Race, News, Social Justice

Vogue, my rent money will not be going towards your ridiculous safety pin “solidarity” picks

This has to be a joke, right? They have to be kidding... People in positions of power actually OK'd this?! Is there a gas leak at Vogue?! Are they OK?!

Reading Time: 3 minutes

I’ve seen a lot of White Feminist bullshit in my day, being a feminist who is white myself, but…damn. This just takes the cake.

This takes the White Feminist cake. Click To Tweet

You may have heard about the safety pin trend that’s going on. You’ve probably also heard how it’s at best a half assed attempt at being an ally.

Sorry for fucking you over yet again, people of color! I’ll put something shiny on my shirt so you know I’m one of the nice ones! Good luck existing!

But as if that wasn’t enough, Vogue just published a post titled “10 Ways to Wear Safety Pins Post-Election and Show Your Support”

It’s also a quiet, personal way to support your fellow Americans, especially if you’re tired of cruel Facebook posts or scrolling through upsetting memes on Instagram. You can easily fasten any safety pin to your favorite T-shirt or jacket, but there are also dozens of ready-made, sequin-embellished pieces on the market right now, from punk-ish jewelry to pinned-together dresses. Shop them all in the slideshow above, then put your money where your mouth is and take real action against the forces of hate.

It’s paired with a slideshow of safety pin fashion items, most of which probably cost the bulk of your rent, if not more.

I just…

For the world’s preeminent fashion magazine, Vogue, this was in extremely poor taste.

Talk about poor taste Click To Tweet

Before we get to the watered down bullshit excuse of support the whole safety pin thing has become (and we’ll be getting to that) are you REALLY going to use this as an opportunity to advertise overpriced jackets? REALLY?!

giphy.com

I mean, capitalism has always appropriated moral causes, that’s nothing new. Those Dove ads did not cure sexism, clearly. And sure, on the one hand, these are companies looking to make a profit and that’s what they’re doing with campaigns like that. But on the other hand, if the cultural conversation has shifted enough that corporations think being more progressive will get them more customers? That’s pretty good.

But that’s not what you’re doing here, Vogue. You’re not calling attention to an issue. You aren’t illuminating anything. You’re getting on the bandwagon with an easy gimmick.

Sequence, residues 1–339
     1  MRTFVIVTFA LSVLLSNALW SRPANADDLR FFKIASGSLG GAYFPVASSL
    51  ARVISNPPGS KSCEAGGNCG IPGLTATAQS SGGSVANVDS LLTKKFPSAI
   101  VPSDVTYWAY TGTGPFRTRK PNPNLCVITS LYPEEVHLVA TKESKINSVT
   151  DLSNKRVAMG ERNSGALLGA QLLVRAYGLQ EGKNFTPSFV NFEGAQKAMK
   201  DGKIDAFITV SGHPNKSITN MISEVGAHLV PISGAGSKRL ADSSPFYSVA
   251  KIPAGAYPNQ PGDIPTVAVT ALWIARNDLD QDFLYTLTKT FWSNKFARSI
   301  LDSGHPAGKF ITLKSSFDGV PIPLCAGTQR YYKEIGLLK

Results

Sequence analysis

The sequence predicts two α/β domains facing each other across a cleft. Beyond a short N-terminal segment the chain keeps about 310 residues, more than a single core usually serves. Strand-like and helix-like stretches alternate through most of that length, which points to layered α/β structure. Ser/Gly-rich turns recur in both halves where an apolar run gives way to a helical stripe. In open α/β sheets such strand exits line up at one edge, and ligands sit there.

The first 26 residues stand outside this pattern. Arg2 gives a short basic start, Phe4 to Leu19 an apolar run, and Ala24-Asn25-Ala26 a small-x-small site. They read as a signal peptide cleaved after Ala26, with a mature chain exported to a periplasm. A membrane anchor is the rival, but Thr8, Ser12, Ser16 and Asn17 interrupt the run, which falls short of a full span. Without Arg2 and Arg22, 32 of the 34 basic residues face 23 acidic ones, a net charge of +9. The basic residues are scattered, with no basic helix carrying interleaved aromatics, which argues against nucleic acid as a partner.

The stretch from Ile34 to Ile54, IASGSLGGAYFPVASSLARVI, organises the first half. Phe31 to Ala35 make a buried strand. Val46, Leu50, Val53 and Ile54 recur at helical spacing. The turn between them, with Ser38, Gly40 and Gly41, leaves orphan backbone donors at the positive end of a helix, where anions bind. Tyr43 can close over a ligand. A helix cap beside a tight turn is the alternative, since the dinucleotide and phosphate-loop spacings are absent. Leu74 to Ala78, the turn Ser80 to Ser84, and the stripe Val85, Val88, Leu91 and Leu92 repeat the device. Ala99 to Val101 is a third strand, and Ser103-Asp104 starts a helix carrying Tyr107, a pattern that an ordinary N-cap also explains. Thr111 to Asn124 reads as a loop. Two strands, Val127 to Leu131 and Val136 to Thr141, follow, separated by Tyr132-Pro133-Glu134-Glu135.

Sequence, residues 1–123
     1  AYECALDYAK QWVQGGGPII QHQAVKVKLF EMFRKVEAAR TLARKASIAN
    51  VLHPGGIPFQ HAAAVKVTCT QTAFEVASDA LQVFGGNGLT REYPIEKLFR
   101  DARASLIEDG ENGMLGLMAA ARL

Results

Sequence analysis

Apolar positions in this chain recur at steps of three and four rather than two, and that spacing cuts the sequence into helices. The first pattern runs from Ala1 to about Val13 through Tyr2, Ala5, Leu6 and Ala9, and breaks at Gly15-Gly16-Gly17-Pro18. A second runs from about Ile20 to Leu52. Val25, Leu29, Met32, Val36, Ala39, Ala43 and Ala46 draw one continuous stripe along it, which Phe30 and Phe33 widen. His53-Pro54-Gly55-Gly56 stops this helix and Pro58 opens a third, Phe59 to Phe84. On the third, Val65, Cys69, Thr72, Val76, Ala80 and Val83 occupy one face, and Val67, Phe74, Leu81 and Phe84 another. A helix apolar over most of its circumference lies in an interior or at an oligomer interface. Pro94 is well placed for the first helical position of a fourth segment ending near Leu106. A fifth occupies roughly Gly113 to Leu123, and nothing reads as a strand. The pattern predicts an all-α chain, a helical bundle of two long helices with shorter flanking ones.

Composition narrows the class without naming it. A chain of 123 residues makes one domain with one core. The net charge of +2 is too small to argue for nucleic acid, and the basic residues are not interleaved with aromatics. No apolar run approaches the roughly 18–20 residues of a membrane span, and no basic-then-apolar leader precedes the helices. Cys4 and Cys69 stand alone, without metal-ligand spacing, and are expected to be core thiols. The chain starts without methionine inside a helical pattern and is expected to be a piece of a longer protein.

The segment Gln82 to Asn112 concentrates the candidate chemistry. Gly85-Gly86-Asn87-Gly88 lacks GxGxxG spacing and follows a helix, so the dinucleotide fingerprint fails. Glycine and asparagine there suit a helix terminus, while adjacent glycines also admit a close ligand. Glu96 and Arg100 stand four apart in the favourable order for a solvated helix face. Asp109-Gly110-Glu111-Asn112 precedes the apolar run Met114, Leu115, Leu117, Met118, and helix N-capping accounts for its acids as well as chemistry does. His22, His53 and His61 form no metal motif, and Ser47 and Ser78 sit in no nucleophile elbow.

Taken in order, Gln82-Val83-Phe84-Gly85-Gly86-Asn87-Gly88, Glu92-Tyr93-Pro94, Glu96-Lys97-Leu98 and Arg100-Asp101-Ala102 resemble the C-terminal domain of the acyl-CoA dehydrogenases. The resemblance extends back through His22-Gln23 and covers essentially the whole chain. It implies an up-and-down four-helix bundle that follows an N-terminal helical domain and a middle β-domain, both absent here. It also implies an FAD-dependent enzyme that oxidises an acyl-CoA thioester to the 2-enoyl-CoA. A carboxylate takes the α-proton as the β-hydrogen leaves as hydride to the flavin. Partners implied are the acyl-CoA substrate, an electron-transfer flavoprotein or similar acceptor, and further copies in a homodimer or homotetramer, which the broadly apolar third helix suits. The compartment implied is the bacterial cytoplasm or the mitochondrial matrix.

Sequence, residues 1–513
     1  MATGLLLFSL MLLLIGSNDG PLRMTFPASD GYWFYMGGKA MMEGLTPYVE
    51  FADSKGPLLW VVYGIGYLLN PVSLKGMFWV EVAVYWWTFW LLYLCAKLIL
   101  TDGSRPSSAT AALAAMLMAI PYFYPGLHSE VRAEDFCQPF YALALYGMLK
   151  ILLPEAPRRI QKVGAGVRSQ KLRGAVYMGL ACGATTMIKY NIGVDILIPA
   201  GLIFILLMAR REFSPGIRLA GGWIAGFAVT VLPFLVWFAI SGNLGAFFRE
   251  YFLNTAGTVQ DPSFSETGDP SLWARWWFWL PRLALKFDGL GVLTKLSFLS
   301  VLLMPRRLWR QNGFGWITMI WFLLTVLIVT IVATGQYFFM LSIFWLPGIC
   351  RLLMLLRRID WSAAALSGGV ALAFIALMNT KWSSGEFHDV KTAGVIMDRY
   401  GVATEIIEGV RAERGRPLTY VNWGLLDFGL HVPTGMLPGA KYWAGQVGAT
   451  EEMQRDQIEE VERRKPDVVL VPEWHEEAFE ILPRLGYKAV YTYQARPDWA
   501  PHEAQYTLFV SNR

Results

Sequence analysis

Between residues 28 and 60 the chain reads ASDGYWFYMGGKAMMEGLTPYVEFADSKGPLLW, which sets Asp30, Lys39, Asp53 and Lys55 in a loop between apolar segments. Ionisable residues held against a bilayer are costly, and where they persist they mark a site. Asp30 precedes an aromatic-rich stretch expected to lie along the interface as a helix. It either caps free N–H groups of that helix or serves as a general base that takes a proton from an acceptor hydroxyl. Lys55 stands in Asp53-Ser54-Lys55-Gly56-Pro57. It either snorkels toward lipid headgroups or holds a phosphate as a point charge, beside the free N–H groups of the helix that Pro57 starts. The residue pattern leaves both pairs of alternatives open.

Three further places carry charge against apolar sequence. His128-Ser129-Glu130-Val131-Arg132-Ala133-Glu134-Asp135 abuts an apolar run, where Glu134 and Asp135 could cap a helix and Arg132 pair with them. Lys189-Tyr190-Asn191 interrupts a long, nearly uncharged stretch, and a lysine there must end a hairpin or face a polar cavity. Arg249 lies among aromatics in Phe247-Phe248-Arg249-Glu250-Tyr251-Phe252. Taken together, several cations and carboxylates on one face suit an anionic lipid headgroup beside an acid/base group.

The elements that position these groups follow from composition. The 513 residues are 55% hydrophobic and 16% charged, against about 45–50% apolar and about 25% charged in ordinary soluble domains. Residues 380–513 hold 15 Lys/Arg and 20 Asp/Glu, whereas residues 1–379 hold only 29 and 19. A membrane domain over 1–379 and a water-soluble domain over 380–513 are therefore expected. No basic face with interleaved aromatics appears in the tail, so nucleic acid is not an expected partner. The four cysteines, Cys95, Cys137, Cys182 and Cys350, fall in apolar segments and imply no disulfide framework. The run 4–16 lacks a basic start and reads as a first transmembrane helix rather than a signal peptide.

But that's not what you're doing here, Vogue. You're not calling attention to an issue. Click To Tweet

Sure, there’s that throwaway line about “taking real action,” but are these companies donating the profits from these items to charities that work to help the environment or any of the many people who have reason to fear a Trump administration? Are you donating anything, Vogue? Are you taking any “real action”?

What are YOU doing, Vogue? Click To Tweet

I get that people want to help. They want to show support. Even if they don’t run across a hate crime in progress, they want to communicate their solidarity. Chances are they’re feeling badly because they didn’t take a bolder stance earlier.

But you know what, fellow white people? Sometimes you just have to feel shitty for a while. We don’t deserve an easy out, here. People of color are damn well within their constantly diminishing rights to feel reticent to trust us, and that’s not something that started November 8th. If you see a woman in a headscarf shoot you a nervous look, you remind yourself that we all deserve that, and you sit with that feeling.

That feeling like you’ve done something wrong. You have. We all have.

You don’t earn permanent righteousness after you turn 18. In moments like these, we need to learn a lesson like we’re kids who broke a plate playing ball in the house. Because it’s more than Grandma’s china that’s at stake here, it’s people’s lives.

People's lives are at stake here Click To Tweet

So no thank you, Vogue, I don’t think I need a single earring that somehow costs over $1,000 to “show my support.” I need to consistently act and work to build equal rights and protect the people who are about to be in even more danger than usual.

Chelsea Ennen

Chelsea Ennen

Chelsea Ennen is a New York City-based writer and recovering academic with an MA in contemporary literature, theory, and culture from King's College London. Her nonfiction writing has been published on The Mary Sue, HelloGiggles and The Female Gaze, and her dissertation on postfeminism versus third wave feminism in contemporary pop culture was accepted for presentation at the 2016 Indiana University of Pennsylvania English Graduate Organization Inter-Disciplinary Conference. She is the fiction editor of the Kaaterskill Basin Literary Journal and a novelist who would very much like to pet your dog, please.

Our weekly email will change your life.